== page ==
The Do’s and Don’ts of Pitching Technology to Schools
As a technology integrationist for a private school, I hear from a lot of edtech startups. A lot. Eventually, many of them begin to blend together in my head. For the sake of my sanity and your bottom line, these are my tips to those of you who want to get your product in the door.
Who are you?
Before you sell me on your product, you need to sell me on yourself. More specifically, I want to know what you know about education. First tip: remember that you’re dealing with a different market than most others. The resistance in the education community to edtech entrepreneurialism isn’t born of any anti-capitalist zeitgeist. Rather, education is an intellectual endeavor that transcends market forces. We believe it to be something higher. It can benefit from your product, but it will remain a nobler end than the pursuit of profit. Indulge this sentiment. Show me that you understand what education is and that you share my love for it. Talk to me like another teacher would. I’ll be predisposed to like your product once you become a trusted member of my inner circle of educators.
How does it work?
One easy way to get my attention is to use good, real examples of how your product would be used in a school. Entrepreneurs often suggest a lesson plan that might involve their product, but too often their lesson is one I would never encourage any teacher to use. Ask your beta testers how they’re using your product and use their stories in your pitches. Bad examples indicate that you might not know education, and it’s hard to bring me back once I’ve doubted your credibility.
Once I’m sold that you are someone who understands education, I’m ready to hear about your product. Remember that most folks in my position have heard of products that are supposedly poised to revolutionize everything from assessment to attendance. We approach each pitch with significant skepticism. What’s more, I know I have to pitch the product to administrators, teachers, and students, and so I am reluctant to put my credibility on the line for just any product.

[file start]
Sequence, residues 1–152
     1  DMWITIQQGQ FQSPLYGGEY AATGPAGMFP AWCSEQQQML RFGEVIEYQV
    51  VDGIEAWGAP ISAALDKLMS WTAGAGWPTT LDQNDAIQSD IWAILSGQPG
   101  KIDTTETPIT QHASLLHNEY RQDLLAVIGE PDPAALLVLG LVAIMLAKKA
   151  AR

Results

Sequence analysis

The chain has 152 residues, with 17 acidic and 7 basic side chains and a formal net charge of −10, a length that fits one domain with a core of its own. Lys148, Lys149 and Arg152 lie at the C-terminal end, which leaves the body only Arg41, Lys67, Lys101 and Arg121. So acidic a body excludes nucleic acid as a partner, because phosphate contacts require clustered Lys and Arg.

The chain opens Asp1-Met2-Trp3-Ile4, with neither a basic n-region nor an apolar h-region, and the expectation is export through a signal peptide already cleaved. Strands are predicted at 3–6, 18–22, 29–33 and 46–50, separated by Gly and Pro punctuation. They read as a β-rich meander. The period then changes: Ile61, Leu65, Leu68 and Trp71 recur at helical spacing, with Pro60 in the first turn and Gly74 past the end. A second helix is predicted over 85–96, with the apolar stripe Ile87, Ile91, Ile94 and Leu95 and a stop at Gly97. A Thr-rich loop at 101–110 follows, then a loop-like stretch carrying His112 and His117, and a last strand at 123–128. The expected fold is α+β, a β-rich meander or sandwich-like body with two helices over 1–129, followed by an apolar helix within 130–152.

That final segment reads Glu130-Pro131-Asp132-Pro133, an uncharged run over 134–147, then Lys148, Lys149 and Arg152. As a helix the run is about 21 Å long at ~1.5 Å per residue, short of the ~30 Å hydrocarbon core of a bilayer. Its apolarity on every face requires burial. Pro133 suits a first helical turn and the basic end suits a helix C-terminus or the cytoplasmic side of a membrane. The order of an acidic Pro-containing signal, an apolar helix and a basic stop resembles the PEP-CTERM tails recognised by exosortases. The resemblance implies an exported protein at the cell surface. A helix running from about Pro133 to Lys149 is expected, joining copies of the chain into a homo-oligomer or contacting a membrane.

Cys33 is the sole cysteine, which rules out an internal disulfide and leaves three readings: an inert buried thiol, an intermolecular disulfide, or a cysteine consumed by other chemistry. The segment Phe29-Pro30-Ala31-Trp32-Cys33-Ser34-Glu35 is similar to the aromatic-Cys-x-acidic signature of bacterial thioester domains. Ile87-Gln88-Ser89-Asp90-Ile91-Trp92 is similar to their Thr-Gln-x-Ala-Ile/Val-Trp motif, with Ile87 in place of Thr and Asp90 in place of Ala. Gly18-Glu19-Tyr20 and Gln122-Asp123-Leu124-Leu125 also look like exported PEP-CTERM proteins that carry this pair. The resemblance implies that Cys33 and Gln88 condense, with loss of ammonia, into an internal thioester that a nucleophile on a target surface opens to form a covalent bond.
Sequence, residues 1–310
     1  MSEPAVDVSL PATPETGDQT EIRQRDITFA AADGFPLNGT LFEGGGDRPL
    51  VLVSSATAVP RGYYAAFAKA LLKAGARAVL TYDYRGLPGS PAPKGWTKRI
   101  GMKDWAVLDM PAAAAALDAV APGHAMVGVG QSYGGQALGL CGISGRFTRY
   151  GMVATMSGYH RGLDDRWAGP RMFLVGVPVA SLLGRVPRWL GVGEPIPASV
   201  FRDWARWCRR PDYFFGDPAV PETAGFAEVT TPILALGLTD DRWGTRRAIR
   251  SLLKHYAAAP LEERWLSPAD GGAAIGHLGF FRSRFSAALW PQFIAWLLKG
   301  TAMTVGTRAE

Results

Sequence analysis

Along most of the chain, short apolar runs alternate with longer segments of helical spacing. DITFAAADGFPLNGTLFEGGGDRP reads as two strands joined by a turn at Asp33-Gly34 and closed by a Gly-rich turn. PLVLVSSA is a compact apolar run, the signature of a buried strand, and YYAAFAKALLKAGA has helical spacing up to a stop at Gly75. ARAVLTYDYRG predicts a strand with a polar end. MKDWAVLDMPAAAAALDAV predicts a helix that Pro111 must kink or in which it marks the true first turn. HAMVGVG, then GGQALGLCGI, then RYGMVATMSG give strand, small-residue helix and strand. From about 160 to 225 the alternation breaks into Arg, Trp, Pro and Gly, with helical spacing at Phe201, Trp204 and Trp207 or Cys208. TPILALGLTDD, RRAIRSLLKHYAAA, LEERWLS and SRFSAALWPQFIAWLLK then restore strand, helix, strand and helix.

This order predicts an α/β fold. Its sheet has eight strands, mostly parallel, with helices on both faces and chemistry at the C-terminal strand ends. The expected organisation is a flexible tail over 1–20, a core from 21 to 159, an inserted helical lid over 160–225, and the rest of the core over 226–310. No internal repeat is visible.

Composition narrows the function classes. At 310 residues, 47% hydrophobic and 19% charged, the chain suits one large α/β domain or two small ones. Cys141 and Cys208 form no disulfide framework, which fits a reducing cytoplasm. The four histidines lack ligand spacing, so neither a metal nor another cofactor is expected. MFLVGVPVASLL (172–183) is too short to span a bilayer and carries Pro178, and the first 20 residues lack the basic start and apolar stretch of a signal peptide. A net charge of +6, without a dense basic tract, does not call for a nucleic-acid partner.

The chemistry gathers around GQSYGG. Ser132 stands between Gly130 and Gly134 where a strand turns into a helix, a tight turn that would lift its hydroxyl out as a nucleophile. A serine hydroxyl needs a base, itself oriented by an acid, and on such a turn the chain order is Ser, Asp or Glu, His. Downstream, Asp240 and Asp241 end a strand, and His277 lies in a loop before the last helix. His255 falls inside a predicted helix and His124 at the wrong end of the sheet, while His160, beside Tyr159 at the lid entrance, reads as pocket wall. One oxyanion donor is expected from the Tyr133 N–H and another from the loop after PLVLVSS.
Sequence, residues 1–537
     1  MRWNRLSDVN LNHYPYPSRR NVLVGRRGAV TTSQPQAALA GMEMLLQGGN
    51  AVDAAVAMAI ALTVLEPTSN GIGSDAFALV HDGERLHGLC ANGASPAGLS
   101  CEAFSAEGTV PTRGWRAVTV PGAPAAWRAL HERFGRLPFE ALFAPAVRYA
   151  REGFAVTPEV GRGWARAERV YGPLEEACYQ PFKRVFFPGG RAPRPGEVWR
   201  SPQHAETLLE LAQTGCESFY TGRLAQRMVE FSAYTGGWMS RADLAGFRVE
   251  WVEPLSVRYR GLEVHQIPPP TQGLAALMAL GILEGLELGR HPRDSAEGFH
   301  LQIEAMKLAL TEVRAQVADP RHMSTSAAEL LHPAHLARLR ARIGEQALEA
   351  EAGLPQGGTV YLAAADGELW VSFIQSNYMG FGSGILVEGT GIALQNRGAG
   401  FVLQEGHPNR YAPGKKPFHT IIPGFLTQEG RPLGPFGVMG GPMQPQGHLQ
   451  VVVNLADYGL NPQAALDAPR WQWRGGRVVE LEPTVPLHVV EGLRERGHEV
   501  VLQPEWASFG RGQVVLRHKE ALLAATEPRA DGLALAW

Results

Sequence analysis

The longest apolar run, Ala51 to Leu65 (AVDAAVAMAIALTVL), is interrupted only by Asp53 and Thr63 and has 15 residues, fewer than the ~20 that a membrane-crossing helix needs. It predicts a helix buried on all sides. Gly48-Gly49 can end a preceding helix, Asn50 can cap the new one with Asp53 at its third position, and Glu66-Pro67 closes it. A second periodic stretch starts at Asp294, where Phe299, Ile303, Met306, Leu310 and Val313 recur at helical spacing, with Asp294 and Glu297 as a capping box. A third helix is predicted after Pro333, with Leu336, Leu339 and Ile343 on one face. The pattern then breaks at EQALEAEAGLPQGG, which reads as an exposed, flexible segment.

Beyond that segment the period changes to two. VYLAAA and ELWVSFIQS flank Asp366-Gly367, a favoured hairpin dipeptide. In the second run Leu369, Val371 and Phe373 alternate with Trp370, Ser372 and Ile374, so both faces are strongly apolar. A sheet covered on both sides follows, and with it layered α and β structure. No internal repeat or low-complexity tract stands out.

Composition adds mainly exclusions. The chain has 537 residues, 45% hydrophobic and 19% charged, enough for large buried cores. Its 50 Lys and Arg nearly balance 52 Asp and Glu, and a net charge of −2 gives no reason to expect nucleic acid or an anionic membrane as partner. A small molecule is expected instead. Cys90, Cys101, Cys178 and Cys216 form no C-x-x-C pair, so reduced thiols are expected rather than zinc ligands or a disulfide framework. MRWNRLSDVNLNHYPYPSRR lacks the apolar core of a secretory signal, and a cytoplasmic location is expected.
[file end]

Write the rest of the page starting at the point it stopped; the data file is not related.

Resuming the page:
Let me figure out what aspect of education your product will affect. Instead of telling me what you’re going to change, just explain exactly how the product works. What does it do and how does it do it? Since no two schools are identical, you want to leave the product’s intended functionality somewhat ambiguous. I’ve had products pitched for admissions that fit better in counseling, platforms for students that served teachers more ideally, and software for special needs students that really helped everyone. Once I understand how your product works and what it can do, I can work with you to determine who will be using it.
Where does it fit?
Schools change slowly. No matter how extraordinary your product is, you can only expect slow, careful implementation. What’s more, it is very difficult to replace products that have already been implemented. If yours is really a product that we will want, I’ll be able to identify where it will bat in our lineup of platforms, databases, and tools. Rarely is our lineup as neat as a batting lineup though. Innovative teachers using tools in isolation, departments with disparate needs, and the levels of bureaucracy involved in every purchase make such bookkeeping rather challenging. Many of us are working to tidy up this mess while pursuing schoolwide innovation. Instead of taking tools out of teachers’ hands, however, the best course of action is to introduce platforms that will integrate with them. I would much prefer to endorse a powerful LMS that integrates with our antiquated SIS than one that is entirely proprietary. Add value to your product by helping us streamline our use of technology generally. In so doing, you can help us progress on our timetable.
Schools are dynamic, unique institutions guided by a noble vision. To get through the gate, you need to understand this. Once you’re inside, I’ll do everything I can to help you. It’s up to you to get through it, though.
Ben Stern writes the "Because You Asked" column for EdSurge. He is also the Technology Integrationist for a middle school in New York City. Earlier in his career, he revamped his curriculum using computers and the Internet, replacing textbooks with scholarly sources and leveraging the connectivity afforded by the Internet to contextualize content. Since then, Ben has found a passion in the evolution of education through technology and works to help teachers enhance their curriculum wherever possible. You can follow him on Twitter at @EdTechBSt and read his blog at www.edumusings.com.